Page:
O.W. Wilson, former dean of criminology at the University of California, is appointed Chicago Police Superintendent and greatly modernizes the Department. Wilson's many changes include a new and innovative communications center, the reduction of police stations, a fairer promotion process, and an emphasis on motorized patrol over foot patrol. The Department's look is also greatly changed, with blue-and-white squad cars replacing the old black-and-white ones, red mars lights instead of blue, and the introduction of a checkered hatband, brass nametags, and short-sleeve summer uniform shirts. Wilson also introduces the Department's official motto, "We Serve and Protect." 


Democratic National Convention. Several protesters arrive in Chicago with the express purpose of creating disturbances and disruption. Officers respond and clashes occur, leading to 668 arrests and negative media coverage for Chicago and the Department. There were 192 officers injured, of whom 49 required hospitalization. Fortunately, no one was killed.  


First Female Patrol Officers. When they were first assigned to patrol duties, female Chicago officers began wearing the same uniform as their male counterparts. Previously, female officers wore skirts and worked only specialized assignments.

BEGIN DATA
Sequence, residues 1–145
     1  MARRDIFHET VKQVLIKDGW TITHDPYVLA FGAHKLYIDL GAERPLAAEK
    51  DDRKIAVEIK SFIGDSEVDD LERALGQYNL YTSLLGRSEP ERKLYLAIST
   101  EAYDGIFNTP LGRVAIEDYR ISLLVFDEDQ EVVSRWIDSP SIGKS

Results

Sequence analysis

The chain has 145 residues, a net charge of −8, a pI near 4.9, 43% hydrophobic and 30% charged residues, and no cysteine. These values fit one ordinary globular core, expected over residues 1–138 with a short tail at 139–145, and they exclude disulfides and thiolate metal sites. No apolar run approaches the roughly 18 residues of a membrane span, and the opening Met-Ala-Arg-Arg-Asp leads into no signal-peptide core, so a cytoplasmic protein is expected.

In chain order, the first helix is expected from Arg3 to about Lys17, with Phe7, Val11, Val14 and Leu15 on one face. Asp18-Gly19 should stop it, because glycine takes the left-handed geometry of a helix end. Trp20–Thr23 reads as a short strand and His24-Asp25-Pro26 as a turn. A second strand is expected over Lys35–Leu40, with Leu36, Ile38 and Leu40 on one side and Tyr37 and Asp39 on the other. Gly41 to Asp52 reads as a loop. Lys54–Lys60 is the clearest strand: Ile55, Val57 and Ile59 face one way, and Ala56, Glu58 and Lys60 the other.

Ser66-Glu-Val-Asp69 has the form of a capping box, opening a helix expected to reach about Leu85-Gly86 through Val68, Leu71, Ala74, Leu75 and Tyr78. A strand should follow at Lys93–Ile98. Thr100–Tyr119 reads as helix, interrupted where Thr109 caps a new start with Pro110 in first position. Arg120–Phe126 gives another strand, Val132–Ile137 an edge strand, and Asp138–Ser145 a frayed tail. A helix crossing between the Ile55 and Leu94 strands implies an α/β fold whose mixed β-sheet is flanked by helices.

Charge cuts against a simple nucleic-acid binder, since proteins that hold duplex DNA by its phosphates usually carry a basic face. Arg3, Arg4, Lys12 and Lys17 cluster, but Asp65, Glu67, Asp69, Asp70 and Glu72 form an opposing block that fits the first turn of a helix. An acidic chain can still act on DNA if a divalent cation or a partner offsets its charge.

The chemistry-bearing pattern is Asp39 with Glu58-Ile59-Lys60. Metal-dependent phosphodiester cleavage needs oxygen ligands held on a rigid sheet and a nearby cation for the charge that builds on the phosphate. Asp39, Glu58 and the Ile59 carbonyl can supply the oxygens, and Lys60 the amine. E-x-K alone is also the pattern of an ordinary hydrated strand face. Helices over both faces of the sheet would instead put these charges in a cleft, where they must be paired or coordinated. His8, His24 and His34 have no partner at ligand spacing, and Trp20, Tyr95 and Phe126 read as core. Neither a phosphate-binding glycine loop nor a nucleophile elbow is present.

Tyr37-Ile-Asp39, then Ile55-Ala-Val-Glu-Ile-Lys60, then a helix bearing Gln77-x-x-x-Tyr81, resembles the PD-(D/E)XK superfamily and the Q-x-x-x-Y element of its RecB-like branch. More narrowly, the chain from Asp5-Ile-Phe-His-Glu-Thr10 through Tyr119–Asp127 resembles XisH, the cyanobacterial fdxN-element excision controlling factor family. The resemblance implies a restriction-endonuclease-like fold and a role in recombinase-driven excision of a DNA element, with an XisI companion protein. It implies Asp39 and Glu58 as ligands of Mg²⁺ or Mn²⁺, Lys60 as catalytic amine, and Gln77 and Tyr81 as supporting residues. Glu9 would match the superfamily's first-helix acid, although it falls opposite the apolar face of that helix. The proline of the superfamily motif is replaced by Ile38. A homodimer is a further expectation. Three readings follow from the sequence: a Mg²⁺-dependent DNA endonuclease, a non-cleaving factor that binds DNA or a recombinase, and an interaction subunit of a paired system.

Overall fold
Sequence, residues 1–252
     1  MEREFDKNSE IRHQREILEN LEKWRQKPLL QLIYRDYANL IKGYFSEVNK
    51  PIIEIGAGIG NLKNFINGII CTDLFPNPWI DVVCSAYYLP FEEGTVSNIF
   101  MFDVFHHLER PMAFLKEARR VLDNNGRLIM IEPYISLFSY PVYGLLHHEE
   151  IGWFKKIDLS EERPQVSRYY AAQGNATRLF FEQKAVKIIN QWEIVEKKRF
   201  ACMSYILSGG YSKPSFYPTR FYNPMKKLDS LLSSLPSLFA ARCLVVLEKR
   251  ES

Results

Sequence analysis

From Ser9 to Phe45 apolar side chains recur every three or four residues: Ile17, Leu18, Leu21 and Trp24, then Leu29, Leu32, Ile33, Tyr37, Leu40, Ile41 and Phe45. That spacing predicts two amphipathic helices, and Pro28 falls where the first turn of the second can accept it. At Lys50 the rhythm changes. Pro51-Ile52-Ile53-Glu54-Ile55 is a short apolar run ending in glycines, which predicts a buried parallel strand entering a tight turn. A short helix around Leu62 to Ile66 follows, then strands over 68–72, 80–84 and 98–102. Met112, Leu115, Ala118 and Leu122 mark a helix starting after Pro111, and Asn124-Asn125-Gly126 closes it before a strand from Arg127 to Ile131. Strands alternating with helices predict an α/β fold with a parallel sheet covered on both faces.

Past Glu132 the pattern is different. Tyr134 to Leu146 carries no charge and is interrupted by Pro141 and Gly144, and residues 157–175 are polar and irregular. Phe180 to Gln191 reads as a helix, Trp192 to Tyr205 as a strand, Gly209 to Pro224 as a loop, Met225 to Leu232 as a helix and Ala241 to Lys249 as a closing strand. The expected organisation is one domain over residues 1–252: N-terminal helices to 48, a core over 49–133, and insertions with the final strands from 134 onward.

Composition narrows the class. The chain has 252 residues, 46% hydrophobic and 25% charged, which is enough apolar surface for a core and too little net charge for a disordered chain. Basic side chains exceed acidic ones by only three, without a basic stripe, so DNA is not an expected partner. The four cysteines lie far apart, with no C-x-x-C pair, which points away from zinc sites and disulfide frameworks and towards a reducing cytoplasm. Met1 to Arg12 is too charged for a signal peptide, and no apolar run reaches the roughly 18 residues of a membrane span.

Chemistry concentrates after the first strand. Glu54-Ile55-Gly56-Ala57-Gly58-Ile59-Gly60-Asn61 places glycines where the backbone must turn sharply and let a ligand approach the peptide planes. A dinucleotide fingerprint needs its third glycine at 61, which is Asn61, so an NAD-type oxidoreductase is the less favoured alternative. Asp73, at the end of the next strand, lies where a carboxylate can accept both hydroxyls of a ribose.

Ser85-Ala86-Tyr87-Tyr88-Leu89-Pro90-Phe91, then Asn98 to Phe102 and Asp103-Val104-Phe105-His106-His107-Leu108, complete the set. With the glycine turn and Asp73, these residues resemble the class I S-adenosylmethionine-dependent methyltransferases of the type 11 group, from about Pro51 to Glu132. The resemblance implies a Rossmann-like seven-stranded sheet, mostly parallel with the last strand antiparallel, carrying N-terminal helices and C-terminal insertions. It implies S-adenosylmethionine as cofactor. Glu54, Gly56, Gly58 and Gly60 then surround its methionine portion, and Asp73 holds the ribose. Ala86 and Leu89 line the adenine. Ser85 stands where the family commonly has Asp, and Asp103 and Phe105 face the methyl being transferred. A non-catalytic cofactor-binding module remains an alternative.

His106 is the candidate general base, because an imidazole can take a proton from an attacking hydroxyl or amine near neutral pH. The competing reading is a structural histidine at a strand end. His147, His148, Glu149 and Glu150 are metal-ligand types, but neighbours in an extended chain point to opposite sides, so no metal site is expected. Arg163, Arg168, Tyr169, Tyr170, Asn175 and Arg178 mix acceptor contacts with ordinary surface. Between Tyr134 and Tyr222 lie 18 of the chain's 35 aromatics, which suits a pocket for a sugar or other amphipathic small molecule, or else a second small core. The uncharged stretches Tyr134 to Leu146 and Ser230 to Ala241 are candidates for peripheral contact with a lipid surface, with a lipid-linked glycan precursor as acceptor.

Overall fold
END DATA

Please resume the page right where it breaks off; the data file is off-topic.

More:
Timothy J. O'Connor Training Academy. Opened on October 12, the new Chicago Police Training Academy replaced the old one, located in the heart of the Maxwell Street market area at 720 West O'Brien Street.  


First African American Superintendent, Fred Rice  


First Hispanic Superintendent, Matt L. Rodriguez


Chicago Alternative Policing Strategy (CAPS). Superintendent Rodriguez introduces Chicago's community policing program (CAPS) in five districts. The program is implemented in all police districts in 1994 and serves as a model for several community policing programs throughout the nation today.  


Emergency Management and Communications Center. The new facility, known as the 9-1-1 Center, is located on the 1400 block of West Madison Street. The facility combines the 9-1-1 call-taking operation with emergency communication for police, fire and paramedics.  


To combat gangs, drugs and guns in Chicago, Superintendent Hillard introduces regular, weekly DOC and VICE meetings, under the direction of First Deputy Superintendent Philip J. Cline. 

Office of Management Accountability (OMA) is created by Superintendent Terry G. Hillard. 


Deployment Operations Center (DOC), Violence Initiative Strategy (VICE).

 Superintendent Philip J. Cline appointed. Among Superintendent Cline's many accomplishments are the introduction of several programs resulting in a remarkable drop in the City's homicide rate, reinstatement of the Chicago Police Cadet Program as an effective recruitment tool, and the honoring of several previously-forgotten Chicago officers killed in the line of duty, by enshrinement of their stars in the Honored Star Case